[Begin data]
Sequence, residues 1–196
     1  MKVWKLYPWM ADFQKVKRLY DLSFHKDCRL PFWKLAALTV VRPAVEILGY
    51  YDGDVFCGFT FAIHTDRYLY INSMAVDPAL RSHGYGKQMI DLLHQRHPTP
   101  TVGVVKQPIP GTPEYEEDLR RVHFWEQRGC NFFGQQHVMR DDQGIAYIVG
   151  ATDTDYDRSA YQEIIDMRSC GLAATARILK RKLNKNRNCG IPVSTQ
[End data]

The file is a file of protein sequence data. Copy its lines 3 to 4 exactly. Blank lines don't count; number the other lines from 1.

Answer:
    51  YDGDVFCGFT FAIHTDRYLY INSMAVDPAL RSHGYGKQMI DLLHQRHPTP
   101  TVGVVKQPIP GTPEYEEDLR RVHFWEQRGC NFFGQQHVMR DDQGIAYIVG